An ecommerce site was changing its homepage CTAs. We hit sample size, and the primary KPI was indexing at 105 without confidence. When we segmented the data by new and returning visitors, we saw that new visitors were down, while returning visitors were up, but with 95% confidence. This caused us to iterate by backtesting the experience only to returning visitors while showing a different experience to first-time visitors.

If you do not see any promising data after breaking it down by segments, continue moving forward.

2. Removing multivariate impacts test data:

Isolate the visitors that were in multiple tests, or if possible target and omit a step in your data flow that another test was measuring. You’ll know where to start by asking yourself: 

Are there multiple tests running? You can take a swim lane approach, but this can be limiting. You can also allow for multiple tests at any given time, assuming the impact will still be random, equal, and representative across recipes. Of course, theoretical math doesn’t always come to fruition in the real world, hence the need to measure the multivariate impact of experiment crossover. 

An example of this would be if you had two tests running simultaneously with the primary KPI as CR. You can isolate for a test by creating a confusion matrix.This will ensure that the lift or drop you are experiencing is directly attributed to test #1. One issue with this is the division of population.   

Experiment 1 | ControlExperiment 1 | Version B
Experiment 2 | Control10.1%9.8%
Experiment 2 | Version B12.2%11.0%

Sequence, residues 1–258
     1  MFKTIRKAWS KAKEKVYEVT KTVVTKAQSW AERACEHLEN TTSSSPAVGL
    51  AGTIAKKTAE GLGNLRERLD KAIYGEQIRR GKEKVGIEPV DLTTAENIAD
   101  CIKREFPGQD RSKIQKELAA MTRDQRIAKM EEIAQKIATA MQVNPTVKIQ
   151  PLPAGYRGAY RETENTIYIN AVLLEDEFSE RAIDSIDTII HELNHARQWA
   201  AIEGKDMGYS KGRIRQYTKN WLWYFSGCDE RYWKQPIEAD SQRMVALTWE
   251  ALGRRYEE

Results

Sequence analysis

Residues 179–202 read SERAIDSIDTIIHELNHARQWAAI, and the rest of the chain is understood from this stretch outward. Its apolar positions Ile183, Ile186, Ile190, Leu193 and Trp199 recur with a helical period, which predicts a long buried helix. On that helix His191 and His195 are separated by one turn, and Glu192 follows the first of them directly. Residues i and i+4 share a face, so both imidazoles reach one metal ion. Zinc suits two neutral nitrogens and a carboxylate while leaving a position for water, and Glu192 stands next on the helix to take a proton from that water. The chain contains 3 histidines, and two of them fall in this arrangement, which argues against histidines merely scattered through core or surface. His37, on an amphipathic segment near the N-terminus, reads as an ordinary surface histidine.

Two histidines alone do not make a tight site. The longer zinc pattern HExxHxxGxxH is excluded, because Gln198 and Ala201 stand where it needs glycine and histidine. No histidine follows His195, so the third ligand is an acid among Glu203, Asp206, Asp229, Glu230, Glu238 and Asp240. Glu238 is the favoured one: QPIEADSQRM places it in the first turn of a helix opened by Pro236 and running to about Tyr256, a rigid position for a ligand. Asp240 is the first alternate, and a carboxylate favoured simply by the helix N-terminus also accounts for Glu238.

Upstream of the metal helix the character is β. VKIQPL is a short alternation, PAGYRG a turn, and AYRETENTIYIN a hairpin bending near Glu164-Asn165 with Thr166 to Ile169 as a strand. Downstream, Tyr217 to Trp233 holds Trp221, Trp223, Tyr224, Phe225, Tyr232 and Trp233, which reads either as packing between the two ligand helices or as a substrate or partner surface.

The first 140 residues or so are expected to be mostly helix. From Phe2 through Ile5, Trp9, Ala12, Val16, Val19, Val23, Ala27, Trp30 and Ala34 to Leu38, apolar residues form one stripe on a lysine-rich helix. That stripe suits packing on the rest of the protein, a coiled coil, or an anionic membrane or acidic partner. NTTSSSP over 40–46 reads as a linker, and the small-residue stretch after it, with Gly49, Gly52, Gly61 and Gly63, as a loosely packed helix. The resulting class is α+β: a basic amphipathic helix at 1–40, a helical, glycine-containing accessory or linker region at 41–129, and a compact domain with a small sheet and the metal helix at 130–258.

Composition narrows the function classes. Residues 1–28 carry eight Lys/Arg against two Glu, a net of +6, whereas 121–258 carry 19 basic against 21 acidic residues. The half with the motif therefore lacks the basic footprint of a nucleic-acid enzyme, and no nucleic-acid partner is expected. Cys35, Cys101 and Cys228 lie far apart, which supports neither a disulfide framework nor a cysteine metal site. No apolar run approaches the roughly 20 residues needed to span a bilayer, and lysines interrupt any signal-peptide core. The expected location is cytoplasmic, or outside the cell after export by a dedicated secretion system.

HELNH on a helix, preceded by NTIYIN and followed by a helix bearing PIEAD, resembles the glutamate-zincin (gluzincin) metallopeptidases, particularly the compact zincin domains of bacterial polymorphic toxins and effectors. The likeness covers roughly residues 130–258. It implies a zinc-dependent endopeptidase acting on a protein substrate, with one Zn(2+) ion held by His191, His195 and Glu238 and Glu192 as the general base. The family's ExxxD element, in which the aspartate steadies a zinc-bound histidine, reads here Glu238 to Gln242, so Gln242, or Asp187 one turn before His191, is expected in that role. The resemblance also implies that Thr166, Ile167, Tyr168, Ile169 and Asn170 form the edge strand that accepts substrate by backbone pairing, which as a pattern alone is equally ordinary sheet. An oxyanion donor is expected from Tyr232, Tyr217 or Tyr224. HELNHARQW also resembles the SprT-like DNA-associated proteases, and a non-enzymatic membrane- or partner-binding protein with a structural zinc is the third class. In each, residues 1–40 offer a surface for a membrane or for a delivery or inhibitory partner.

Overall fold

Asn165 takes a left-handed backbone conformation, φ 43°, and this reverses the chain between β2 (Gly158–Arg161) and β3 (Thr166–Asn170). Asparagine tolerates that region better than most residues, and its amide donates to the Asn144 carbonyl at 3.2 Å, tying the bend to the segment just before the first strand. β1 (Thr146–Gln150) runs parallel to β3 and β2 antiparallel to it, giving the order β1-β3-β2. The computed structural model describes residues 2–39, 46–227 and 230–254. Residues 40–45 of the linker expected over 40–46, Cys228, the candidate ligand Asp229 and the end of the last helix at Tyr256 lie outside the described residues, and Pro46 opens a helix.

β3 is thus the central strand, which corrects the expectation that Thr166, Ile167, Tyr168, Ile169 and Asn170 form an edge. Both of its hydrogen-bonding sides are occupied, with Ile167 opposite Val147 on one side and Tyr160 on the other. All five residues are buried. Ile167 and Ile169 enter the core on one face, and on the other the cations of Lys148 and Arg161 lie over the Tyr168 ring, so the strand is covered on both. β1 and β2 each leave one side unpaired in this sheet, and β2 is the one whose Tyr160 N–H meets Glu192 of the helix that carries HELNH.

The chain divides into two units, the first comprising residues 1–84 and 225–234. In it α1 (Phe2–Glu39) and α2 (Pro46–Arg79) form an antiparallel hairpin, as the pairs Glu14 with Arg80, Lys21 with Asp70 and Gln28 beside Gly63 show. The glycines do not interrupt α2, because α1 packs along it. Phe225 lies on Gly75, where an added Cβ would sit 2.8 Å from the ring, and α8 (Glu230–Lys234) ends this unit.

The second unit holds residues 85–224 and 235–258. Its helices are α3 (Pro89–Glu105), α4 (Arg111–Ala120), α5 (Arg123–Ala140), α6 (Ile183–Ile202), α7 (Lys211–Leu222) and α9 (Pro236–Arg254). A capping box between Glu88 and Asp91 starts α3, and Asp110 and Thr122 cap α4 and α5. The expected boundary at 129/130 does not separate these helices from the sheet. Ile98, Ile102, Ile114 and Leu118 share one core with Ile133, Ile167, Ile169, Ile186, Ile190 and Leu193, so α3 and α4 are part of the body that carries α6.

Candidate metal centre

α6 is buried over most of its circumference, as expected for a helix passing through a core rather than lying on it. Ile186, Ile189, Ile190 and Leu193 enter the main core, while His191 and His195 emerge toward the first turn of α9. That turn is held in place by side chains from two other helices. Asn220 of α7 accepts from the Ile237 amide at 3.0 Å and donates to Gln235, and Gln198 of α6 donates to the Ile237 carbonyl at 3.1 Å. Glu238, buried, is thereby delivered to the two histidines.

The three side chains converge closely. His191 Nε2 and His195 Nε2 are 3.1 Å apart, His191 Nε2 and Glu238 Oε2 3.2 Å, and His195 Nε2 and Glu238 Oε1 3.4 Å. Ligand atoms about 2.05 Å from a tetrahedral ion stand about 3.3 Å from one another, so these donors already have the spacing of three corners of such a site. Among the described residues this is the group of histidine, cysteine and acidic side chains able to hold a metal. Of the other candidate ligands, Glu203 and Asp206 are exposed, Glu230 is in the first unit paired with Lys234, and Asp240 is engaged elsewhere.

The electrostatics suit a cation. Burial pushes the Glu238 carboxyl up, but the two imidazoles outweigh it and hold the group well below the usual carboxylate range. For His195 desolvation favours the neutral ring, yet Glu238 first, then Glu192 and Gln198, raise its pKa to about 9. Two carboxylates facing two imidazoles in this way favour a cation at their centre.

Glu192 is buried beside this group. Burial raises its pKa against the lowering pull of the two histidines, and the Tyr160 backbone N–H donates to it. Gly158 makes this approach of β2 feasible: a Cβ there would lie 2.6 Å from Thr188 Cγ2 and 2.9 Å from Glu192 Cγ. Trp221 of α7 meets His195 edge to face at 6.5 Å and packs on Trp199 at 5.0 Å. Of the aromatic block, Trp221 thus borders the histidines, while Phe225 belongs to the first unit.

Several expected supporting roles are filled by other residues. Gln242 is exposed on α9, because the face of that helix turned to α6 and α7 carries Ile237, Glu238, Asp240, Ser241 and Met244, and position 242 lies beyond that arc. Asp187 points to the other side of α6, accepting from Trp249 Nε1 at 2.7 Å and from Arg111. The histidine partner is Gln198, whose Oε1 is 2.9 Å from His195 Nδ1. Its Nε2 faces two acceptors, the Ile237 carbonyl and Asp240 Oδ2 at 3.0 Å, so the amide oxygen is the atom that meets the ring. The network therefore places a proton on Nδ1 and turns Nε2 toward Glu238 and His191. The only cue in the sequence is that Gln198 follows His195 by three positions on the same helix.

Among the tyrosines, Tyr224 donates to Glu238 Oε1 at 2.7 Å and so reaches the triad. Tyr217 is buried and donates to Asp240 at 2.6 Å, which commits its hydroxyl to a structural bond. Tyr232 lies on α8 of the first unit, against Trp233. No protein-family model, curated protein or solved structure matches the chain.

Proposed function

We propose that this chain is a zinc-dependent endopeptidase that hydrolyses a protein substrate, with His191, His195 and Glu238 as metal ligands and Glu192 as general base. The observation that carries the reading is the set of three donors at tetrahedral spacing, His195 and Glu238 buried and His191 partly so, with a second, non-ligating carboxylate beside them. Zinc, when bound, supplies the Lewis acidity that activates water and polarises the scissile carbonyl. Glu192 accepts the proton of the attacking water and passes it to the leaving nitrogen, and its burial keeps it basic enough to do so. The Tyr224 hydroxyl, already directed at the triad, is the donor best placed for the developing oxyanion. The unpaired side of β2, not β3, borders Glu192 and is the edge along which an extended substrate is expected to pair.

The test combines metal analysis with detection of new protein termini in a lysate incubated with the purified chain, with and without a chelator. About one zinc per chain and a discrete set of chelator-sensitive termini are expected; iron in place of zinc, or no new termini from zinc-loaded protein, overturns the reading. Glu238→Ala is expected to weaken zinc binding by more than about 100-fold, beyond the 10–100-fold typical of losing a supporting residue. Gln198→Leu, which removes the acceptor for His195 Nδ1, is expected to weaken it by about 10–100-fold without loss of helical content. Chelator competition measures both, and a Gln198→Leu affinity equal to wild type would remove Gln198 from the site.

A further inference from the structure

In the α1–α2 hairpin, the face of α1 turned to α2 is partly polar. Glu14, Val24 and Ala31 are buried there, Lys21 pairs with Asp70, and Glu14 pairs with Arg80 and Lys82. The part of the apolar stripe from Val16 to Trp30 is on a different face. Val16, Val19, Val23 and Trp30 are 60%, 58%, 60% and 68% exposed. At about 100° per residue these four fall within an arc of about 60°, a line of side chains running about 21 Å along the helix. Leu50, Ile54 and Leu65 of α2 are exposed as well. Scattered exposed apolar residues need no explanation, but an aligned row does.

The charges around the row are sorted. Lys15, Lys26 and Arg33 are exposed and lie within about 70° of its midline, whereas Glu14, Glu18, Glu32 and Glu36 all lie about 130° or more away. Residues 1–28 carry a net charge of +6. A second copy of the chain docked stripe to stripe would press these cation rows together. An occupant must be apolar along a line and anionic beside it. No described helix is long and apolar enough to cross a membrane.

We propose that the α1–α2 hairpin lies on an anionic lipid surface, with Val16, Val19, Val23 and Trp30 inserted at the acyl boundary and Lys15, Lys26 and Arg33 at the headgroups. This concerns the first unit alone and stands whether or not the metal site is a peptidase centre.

3. Move Upstream:

After looking at the various segments and removing crossover test data, you still may not know if the test is a success or failure. Conversion rates still appear flat. At this point you may want to look upstream to see how users were interacting with the larger part of your funnel. There is a possibility that the KPI being analyzed could be too far down the funnel to see the statistical impact.

An example of this would be an optimization in the hero of the home page and the KPI being monitored is conversion rate. If a store’s funnel is: 

Home page > Category > Product > Checkout > Order

Looking at the final step of the funnel may be too narrow of focus. Take a look at a metric that is a step higher in the conversion funnel. Did more people reach a product page even though conversion saw no lift? This is still valuable information. You know that your homepage hero can be working harder for you, but you also know that getting more users into the funnel doesn’t mean they’re as qualified, and they may get stuck on other steps. This is where you can pivot your roadmap to begin optimizing the next step in the funnel and seeing if you can move the needle. 

4. Remove Biases: